American Express Company DEF 14A 2009
SECURITIES AND EXCHANGE COMMISSION
Washington, D.C. 20549
SCHEDULE 14A INFORMATION
Proxy Statement Pursuant to Section 14(a) of the
Securities Exchange Act of 1934
(Amendment No. )
Filed by the Registrant x
Filed by a Party other than the Registrant ¨
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American Express Company
(Name of Registrant as Specified In Its Charter)
(Name of Person(s) Filing Proxy Statement, if other than the Registrant)
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ANNUAL MEETING OF SHAREHOLDERS
March 13, 2009
TABLE OF CONTENTS
March 13, 2009
We are providing these proxy materials to you in connection with the solicitation of proxies by the Board of Directors of American Express Company for the 2009 Annual Meeting of Shareholders and for any adjournment or postponement of the Meeting. In this proxy statement, we refer to American Express Company as the Company, we, our or us.
We are holding the Annual Meeting at 10:00 a.m. Eastern Time on Monday, April 27, 2009, at the Companys Service Center in Greensboro, North Carolina, and invite you to attend in person. Directions to the Companys Greensboro Service Center are on page 61. If you need special assistance at the Meeting because of a disability, you may contact Stephen P. Norman, our Secretary, by telephone at (212) 640-5583, by e-mail at email@example.com or by writing to him at the Companys headquarters at 200 Vesey Street, New York, New York 10285.
The Company has arranged for a live audio webcast of the 2009 Annual Meeting to be accessible to the general public on the Internet at http://ir.americanexpress.com. (Information from such site is not incorporated by reference into this proxy statement.) A replay of the Meetings audio webcast will also be available at the same Web site address beginning later the same day.
Important Notice Regarding the Availability of Proxy Materials for the Shareholder Meeting to Be
Held on April 27, 2009
The Companys Proxy Statement and 2008 Annual Report to Shareholders are available at www.proxyvote.com.
We are pleased this year once again to take advantage of the Securities and Exchange Commission (SEC) rule that permits companies to furnish proxy materials to shareholders over the Internet. On or about March 16, 2009, we started mailing to certain of our shareholders a Notice of Internet Availability of Proxy Materials. This Notice contains instructions on how to access our proxy statement and 2008 Annual Report to Shareholders and vote online. By furnishing this Notice, we are lowering the costs and reducing the environmental impact of our Annual Meeting.
Shareholders who did not receive the Notice of Internet Availability of Proxy Materials will continue to receive a paper or electronic copy of our proxy statement and 2008 Annual Report, which we intend to start mailing on or about March 16, 2009.
You may vote all common shares that you owned as of February 27, 2009, which is the record date for the Annual Meeting. On February 27, 2009, we had 1,159,636,176 common shares outstanding and eligible to vote. Each common share is entitled to one vote on each matter properly brought before the Meeting.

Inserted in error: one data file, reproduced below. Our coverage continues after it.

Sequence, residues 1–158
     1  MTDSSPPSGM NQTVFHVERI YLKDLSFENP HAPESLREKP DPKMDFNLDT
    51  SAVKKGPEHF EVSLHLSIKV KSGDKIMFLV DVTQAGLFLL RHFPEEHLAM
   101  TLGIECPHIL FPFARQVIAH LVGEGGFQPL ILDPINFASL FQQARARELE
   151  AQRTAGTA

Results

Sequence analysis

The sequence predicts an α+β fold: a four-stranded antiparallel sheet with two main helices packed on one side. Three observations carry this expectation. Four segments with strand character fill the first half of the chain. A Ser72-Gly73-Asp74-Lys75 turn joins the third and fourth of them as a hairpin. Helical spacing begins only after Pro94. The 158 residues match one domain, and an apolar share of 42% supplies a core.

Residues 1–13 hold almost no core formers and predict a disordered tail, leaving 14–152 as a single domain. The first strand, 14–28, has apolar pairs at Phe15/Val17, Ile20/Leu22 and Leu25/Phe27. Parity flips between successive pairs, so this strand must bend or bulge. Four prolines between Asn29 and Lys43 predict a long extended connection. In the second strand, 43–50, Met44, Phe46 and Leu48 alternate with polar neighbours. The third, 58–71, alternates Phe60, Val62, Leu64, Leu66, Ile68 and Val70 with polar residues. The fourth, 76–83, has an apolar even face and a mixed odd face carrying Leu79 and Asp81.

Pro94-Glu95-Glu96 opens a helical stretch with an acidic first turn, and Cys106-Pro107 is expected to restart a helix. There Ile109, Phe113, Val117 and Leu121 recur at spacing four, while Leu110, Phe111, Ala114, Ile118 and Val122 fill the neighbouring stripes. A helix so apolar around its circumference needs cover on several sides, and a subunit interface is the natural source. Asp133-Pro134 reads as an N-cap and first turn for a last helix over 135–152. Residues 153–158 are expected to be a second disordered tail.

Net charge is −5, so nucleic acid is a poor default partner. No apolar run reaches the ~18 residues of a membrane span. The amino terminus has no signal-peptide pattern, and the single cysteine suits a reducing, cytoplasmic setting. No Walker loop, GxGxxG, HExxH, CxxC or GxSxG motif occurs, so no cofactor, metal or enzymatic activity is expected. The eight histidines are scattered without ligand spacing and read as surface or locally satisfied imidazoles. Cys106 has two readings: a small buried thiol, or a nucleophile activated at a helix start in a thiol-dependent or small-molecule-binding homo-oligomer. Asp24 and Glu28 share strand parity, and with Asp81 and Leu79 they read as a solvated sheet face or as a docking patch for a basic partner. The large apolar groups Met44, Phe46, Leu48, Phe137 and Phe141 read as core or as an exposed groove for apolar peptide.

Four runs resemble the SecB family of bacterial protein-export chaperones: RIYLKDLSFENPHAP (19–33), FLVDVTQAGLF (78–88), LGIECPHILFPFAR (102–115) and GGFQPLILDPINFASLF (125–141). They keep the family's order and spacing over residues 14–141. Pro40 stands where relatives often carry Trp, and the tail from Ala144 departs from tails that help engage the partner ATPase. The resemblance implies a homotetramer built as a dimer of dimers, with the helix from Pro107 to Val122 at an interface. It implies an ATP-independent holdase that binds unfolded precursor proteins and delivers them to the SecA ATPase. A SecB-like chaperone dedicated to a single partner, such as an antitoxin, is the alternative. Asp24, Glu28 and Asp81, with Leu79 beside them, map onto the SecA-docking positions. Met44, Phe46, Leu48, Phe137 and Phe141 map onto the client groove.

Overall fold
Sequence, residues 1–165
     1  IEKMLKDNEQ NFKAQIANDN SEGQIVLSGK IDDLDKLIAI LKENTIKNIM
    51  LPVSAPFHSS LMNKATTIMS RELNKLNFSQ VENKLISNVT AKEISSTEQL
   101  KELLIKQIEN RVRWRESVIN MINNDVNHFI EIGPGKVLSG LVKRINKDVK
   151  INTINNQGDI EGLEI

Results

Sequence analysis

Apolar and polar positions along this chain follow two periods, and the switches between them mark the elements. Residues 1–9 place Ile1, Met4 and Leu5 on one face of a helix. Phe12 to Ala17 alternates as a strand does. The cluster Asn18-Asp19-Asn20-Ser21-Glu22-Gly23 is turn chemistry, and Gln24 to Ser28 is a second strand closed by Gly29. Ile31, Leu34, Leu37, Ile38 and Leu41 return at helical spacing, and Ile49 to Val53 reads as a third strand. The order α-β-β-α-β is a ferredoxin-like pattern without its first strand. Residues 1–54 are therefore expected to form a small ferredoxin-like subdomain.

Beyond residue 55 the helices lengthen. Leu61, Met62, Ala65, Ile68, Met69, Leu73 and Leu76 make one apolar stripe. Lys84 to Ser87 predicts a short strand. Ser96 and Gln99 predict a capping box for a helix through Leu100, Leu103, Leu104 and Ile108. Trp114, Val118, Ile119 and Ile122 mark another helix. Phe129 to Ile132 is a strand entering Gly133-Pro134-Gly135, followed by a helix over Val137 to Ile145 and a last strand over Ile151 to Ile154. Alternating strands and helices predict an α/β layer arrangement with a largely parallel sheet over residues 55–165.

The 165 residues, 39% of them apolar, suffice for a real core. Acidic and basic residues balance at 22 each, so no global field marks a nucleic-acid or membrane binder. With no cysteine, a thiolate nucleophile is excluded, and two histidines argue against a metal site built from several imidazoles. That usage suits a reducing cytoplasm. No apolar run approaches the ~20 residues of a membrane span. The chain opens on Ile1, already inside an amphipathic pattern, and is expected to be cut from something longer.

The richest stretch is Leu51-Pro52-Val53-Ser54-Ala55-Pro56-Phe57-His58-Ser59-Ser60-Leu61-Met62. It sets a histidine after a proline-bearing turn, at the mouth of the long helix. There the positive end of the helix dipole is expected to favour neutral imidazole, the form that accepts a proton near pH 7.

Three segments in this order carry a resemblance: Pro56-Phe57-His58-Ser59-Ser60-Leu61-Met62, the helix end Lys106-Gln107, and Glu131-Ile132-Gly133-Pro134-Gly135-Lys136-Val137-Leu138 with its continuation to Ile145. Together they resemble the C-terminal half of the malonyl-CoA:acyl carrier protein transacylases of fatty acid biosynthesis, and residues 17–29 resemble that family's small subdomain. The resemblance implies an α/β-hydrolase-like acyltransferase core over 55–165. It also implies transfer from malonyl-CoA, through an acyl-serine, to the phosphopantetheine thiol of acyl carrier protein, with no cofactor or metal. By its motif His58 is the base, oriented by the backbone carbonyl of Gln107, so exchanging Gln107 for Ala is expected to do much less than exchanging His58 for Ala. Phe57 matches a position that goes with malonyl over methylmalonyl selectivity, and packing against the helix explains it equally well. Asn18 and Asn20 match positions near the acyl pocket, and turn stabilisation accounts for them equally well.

Ownership of Shares
You may own common shares in one or more of the following ways:
If your shares are registered directly in your name, you are the holder of record of these shares and we are sending these proxy materials directly to you. As the holder of record, you have the right to give your proxy directly to us. If you hold your shares in street name, your broker, bank or other holder of record is sending these proxy materials to you. As a holder in street name, you have the right to direct your broker, bank or other holder of record how to vote by completing the voting instruction form that accompanies your proxy materials. Regardless of how you hold your shares, we invite you to attend the Meeting.
How to Vote
Your vote is important. We encourage you to vote promptly. Internet and telephone voting are available through 11:59 p.m. Eastern Time on Wednesday, April 22, 2009, for shares held in employee plans, and through 11:59 p.m. Eastern Time on Sunday, April 26, 2009, for all other shares. You may vote in the following ways:
By Telephone. If you are located in the United States or Canada, you can vote your shares by calling the toll-free telephone number and following the recorded instructions. You will need the 12-digit Control Number included on your Notice of Internet Availability of Proxy Materials, on your proxy card or in the instructions that accompany your proxy materials, as applicable. You may vote by telephone 24 hours a day. The telephone voting system has easy-to-follow instructions and allows you to confirm that the system has properly recorded your votes. If you vote by telephone, you do not need to return your proxy card or your voting instruction form.
By Internet. You can also vote your shares by the Internet. You will need the 12-digit Control Number included on your Notice of Internet Availability of Proxy Materials, on your proxy card or in the instructions that accompany your proxy materials, as applicable. You may vote by the Internet 24 hours a day. As with telephone voting, you will be able to confirm that the system has properly recorded your votes. You may incur telephone and Internet access charges if you vote by the Internet. If you vote by the Internet, you do not need to return your proxy card or your voting instruction form.